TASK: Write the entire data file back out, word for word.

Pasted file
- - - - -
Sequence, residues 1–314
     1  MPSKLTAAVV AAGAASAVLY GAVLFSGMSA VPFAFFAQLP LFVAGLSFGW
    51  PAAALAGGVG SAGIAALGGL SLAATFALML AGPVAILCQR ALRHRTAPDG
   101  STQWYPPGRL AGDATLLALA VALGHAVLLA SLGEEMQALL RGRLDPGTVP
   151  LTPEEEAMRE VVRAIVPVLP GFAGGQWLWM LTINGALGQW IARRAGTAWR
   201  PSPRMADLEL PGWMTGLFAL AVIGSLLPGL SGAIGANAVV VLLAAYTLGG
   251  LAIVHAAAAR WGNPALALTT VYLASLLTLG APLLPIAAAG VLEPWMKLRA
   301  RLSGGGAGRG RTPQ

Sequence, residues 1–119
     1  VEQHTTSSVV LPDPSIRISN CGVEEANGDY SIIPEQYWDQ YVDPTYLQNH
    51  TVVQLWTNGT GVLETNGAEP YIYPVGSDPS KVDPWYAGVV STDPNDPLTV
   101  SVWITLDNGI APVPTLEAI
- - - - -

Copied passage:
Sequence, residues 1–314
     1  MPSKLTAAVV AAGAASAVLY GAVLFSGMSA VPFAFFAQLP LFVAGLSFGW
    51  PAAALAGGVG SAGIAALGGL SLAATFALML AGPVAILCQR ALRHRTAPDG
   101  STQWYPPGRL AGDATLLALA VALGHAVLLA SLGEEMQALL RGRLDPGTVP
   151  LTPEEEAMRE VVRAIVPVLP GFAGGQWLWM LTINGALGQW IARRAGTAWR
   201  PSPRMADLEL PGWMTGLFAL AVIGSLLPGL SGAIGANAVV VLLAAYTLGG
   251  LAIVHAAAAR WGNPALALTT VYLASLLTLG APLLPIAAAG VLEPWMKLRA
   301  RLSGGGAGRG RTPQ

Sequence, residues 1–119
     1  VEQHTTSSVV LPDPSIRISN CGVEEANGDY SIIPEQYWDQ YVDPTYLQNH
    51  TVVQLWTNGT GVLETNGAEP YIYPVGSDPS KVDPWYAGVV STDPNDPLTV
   101  SVWITLDNGI APVPTLEAI